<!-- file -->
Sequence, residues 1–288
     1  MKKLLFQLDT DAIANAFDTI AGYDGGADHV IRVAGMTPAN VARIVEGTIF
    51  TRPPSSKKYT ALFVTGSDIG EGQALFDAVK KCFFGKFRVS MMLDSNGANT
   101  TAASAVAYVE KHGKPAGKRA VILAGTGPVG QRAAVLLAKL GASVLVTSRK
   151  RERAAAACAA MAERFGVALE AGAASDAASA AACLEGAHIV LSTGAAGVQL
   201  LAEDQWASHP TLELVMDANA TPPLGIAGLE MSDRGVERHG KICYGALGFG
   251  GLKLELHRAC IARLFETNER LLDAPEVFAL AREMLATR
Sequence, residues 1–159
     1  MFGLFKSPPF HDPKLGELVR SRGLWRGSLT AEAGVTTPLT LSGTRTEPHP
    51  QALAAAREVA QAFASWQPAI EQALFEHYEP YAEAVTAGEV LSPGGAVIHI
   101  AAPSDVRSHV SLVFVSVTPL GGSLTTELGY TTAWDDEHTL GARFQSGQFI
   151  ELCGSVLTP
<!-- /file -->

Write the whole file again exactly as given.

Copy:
Sequence, residues 1–288
     1  MKKLLFQLDT DAIANAFDTI AGYDGGADHV IRVAGMTPAN VARIVEGTIF
    51  TRPPSSKKYT ALFVTGSDIG EGQALFDAVK KCFFGKFRVS MMLDSNGANT
   101  TAASAVAYVE KHGKPAGKRA VILAGTGPVG QRAAVLLAKL GASVLVTSRK
   151  RERAAAACAA MAERFGVALE AGAASDAASA AACLEGAHIV LSTGAAGVQL
   201  LAEDQWASHP TLELVMDANA TPPLGIAGLE MSDRGVERHG KICYGALGFG
   251  GLKLELHRAC IARLFETNER LLDAPEVFAL AREMLATR
Sequence, residues 1–159
     1  MFGLFKSPPF HDPKLGELVR SRGLWRGSLT AEAGVTTPLT LSGTRTEPHP
    51  QALAAAREVA QAFASWQPAI EQALFEHYEP YAEAVTAGEV LSPGGAVIHI
   101  AAPSDVRSHV SLVFVSVTPL GGSLTTELGY TTAWDDEHTL GARFQSGQFI
   151  ELCGSVLTP